All this may be read in the religious art of the Newars—and their buildings palpitate with emblems of the two creeds—the Restful and the Restless. But interwoven with these is a third form of worship—a mysterious and obscure belief, signs of which are discernible throughout the art of the land, but the actual ritual is fortunately veiled from the eyes of all but the initiated. Peering from under the broad eaves of the temples in the form of wood-carving, leering in lurid colours from the red walls of the shrines, fitted in skilfully so as not to really obtrude, but cunningly represented in many of the architectural efforts of the Newars, the Tantric element of Nepal Buddhism holds its unhallowed sway. Who and what are the devotees to the Tantric system, which has been described as a "diseased excrescence borrowed from the Hindus and based upon the worst part of Sivaism," is never divulged, but that it has a firm hold on a large community is proved by the frequency with which its various aspects are pictorially expressed. "Love profane and love divine" seems to be the main underlying principle of Tantrism, but its esoteric nature has fortunately prevented its gross tenets from becoming generally known. The outward forms of it, however, occupy an important position in the illustrated story of the Newars, and reflect a peculiarly coloured sidelight on the character of these interesting people.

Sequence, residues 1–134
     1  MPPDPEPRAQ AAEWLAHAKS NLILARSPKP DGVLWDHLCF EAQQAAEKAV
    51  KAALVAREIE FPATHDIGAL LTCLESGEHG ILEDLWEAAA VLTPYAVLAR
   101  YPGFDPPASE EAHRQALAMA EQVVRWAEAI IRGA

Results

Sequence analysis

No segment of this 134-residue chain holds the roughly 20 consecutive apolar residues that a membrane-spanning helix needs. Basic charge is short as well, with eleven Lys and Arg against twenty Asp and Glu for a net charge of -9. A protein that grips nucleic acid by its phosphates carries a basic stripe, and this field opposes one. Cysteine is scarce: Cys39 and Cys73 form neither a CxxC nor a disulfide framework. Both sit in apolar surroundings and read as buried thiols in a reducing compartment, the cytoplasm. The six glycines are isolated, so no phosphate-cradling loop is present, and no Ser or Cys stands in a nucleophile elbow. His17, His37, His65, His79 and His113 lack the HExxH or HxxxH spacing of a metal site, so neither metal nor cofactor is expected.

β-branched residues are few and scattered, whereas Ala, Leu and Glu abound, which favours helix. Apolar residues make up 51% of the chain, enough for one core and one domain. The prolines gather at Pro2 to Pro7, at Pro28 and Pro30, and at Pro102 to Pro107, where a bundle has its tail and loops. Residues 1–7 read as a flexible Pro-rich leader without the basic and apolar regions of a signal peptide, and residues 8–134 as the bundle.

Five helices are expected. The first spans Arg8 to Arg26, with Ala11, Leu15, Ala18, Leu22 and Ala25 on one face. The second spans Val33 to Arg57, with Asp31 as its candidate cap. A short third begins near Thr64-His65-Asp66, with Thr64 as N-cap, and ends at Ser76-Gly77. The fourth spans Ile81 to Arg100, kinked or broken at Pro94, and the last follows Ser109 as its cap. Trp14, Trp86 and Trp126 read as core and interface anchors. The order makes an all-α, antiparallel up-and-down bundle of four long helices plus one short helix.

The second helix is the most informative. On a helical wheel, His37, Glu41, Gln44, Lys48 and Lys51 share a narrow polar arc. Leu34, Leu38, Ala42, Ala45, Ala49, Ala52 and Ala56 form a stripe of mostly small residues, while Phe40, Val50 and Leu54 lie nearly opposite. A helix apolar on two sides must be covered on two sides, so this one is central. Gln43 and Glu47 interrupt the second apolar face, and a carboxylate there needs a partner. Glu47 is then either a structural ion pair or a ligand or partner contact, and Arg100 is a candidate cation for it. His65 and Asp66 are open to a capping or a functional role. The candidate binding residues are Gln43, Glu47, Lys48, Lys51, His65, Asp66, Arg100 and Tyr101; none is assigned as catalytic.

As the Newars constitute the artistic element of the State, so the Gurkhas comprise the dominant and warlike section of this combined community. The Rajput origin of the rulers has already been alluded to, and it follows from this that they favour Hindu observances. In appearance they retain traces of their noble descent in face and figure, although they have lost this largely by intermarriage with other races. They are devoted to a military life, and the bulk of the Gurkhas are by instinct soldiers. In this capacity they hold a high place, and are regarded by many leading authorities as the best fighting material in India. The State itself has a standing army of at least 20,000 men, which is well equipped and regularly drilled.

There is one conflicting trait in the character of the Gurkhas which it is a little difficult to understand. It is usual to find, combined with the keen fighting disposition, a natural desire for athletics or any out-of-door sports requiring vigour and strength. In no sense is this observable in the Gurkha, except that he is passionately devoted to "Shikar," and the chase. But European games which have "caught on," so to speak, with such amazing rapidity in even the most distant parts of India, seem to have little attraction for the Nepalese. Katmandu boasts a magnificent maidan, which in almost any other part of the world would, on every occasion, be freely utilized for either indigenous or exotic athletics, but it is usually deserted, except during the times of parades. Probably the explanation may be found in this last fact, that the Gurkha is essentially a specialist. For these military manœuvres are frequent and serious, and indicate that in one grim sport at least the Gurkha excels—

"War, that mad game the world so loves to play."

Black and white photograph of the Durbar Square at Bhatgaon.

IN THE DURBAR SQUARE AT BHATGAON.—Page 71.

The figure of Raja Bhupatindra Mall faces the golden gateway of the Durbar Hall.